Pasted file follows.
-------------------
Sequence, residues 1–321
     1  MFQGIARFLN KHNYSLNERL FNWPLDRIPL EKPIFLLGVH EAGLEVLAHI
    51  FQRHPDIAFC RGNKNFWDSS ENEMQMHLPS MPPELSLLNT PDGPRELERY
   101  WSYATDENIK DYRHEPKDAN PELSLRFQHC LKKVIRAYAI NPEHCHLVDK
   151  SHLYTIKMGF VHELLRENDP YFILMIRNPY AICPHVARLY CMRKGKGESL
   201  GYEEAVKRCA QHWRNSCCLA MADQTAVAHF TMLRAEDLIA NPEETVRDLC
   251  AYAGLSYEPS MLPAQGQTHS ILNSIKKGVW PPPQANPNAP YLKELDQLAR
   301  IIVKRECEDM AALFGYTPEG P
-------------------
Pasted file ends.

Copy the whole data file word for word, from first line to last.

Sequence, residues 1–321
     1  MFQGIARFLN KHNYSLNERL FNWPLDRIPL EKPIFLLGVH EAGLEVLAHI
    51  FQRHPDIAFC RGNKNFWDSS ENEMQMHLPS MPPELSLLNT PDGPRELERY
   101  WSYATDENIK DYRHEPKDAN PELSLRFQHC LKKVIRAYAI NPEHCHLVDK
   151  SHLYTIKMGF VHELLRENDP YFILMIRNPY AICPHVARLY CMRKGKGESL
   201  GYEEAVKRCA QHWRNSCCLA MADQTAVAHF TMLRAEDLIA NPEETVRDLC
   251  AYAGLSYEPS MLPAQGQTHS ILNSIKKGVW PPPQANPNAP YLKELDQLAR
   301  IIVKRECEDM AALFGYTPEG P